"We have on pretty good authority that ICE is actually making calls to cities that they are targeting and reach[ing] out to the human service departments and asking for assistance in the event that they are rounding up children," Hancock said.
According to the mayor, the local government is marshaling its resources to spread the word that "police officers will not be involved in the raid." Hancock added that immigrants who are arrested for other crimes by local officers will not be held "past their time in our jail cell without an official warrant."
Hancock also noted that the city has a legal defense fund "that is designed to assist immigrants with their legal costs as they work to combat or push back on deportation and, hopefully, stay with their family."
Houston Mayor Sylvester Turner told NPR that the prospective sweeps have "enhanced the anxiety level of people within my city."
"I can't quite see the upside," Turner remarked, noting that such widespread dragnets keep residents from seeking out local services they need and also make people reluctant to call the police to report criminal activity.
Turner also echoed what other mayors around the country are saying with regard to the use of the local police force. "We are not going to be participating with ICE on these type of raids," he said, especially in the case "of DREAMers and people who have been here for quite some time or people who have come to this country because they are seeking better opportunities."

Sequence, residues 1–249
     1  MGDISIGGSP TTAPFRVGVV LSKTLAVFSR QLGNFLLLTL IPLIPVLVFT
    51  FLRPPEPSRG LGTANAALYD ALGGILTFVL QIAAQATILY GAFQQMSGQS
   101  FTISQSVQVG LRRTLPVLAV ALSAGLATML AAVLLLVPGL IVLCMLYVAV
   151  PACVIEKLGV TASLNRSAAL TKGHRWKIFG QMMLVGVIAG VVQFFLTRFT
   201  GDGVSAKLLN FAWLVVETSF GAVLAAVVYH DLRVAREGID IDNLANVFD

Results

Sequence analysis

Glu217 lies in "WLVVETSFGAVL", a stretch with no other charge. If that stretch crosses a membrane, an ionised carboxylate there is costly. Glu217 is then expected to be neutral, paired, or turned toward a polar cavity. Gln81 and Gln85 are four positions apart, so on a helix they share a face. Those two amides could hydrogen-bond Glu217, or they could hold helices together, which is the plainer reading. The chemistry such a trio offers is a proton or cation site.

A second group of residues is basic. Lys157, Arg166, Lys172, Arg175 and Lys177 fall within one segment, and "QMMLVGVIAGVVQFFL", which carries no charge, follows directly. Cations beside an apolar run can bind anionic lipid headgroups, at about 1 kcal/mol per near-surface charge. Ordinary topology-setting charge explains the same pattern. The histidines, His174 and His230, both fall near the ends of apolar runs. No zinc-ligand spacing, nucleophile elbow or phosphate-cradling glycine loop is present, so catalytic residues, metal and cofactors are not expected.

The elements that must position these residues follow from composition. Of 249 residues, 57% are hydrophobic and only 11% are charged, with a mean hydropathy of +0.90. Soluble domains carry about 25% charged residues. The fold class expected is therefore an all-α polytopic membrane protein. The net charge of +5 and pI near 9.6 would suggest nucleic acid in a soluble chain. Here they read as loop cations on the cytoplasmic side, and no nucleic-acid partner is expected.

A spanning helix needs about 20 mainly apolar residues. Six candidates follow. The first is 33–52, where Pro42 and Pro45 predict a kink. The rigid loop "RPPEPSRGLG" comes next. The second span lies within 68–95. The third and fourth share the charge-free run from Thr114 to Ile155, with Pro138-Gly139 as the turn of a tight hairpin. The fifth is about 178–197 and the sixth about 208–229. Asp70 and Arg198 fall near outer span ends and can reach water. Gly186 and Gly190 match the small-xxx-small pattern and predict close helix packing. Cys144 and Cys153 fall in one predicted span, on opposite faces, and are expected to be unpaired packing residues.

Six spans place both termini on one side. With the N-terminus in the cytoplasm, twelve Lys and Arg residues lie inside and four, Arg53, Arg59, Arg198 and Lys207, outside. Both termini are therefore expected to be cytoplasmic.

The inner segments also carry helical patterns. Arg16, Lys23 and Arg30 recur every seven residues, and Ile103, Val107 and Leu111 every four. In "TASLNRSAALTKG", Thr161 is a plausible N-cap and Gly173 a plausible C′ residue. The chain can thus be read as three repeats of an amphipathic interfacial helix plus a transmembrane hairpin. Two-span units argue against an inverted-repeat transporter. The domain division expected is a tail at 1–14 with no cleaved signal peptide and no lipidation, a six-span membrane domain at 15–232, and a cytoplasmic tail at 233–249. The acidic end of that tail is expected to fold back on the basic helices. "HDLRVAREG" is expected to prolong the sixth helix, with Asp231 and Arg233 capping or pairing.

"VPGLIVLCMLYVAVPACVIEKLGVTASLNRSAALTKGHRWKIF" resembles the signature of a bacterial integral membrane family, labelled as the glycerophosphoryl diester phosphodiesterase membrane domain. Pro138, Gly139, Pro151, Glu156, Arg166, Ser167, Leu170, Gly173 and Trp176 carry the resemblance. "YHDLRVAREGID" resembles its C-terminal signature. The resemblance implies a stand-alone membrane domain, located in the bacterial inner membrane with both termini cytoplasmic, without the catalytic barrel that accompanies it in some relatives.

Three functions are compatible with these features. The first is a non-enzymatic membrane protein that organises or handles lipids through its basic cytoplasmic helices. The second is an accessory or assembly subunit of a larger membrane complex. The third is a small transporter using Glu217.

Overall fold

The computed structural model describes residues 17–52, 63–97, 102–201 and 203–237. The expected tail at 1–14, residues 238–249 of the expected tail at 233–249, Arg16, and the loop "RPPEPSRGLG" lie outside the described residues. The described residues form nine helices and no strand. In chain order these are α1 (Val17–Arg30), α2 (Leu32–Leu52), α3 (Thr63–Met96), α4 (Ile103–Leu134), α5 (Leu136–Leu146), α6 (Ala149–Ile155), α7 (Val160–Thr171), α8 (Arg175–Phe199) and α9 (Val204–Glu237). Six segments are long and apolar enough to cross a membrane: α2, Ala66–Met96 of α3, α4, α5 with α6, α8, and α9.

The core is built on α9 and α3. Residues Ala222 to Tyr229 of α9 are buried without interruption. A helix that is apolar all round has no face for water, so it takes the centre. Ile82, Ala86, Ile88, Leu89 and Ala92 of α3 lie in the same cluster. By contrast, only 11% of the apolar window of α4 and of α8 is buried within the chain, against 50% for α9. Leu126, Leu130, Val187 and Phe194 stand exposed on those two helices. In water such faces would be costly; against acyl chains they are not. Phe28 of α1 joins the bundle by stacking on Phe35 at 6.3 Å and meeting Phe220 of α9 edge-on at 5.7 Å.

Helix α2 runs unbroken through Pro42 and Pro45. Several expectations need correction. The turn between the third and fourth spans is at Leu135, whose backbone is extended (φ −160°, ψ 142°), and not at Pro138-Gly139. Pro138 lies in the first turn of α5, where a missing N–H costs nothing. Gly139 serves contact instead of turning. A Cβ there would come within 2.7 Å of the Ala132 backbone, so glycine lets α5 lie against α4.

But he left open the possibility that officials may become involved in cases involving undocumented migrant criminals. "If we are talking about people with criminal records, people who have committed violent crimes, people who have felonies, people who are members of gangs like MS-13, that's one thing, 'cause we certainly don't want those individuals in our city, period, OK?" Turner said.
Tuner encouraged people who may be confronted by ICE to seek legal aid through the Immigrant Rights Hotline.
Mayor Lori Lightfoot, who has been a vocal critic of the Trump administration's immigration plans, said she is ensuring that the Chicago Police Department will not cooperate with ICE in any way.
"That means that they will not team up with ICE to detain any resident. We have also cut off ICE access from any CPD databases, and that will remain permanent," Lightfoot announced at a news conference Thursday.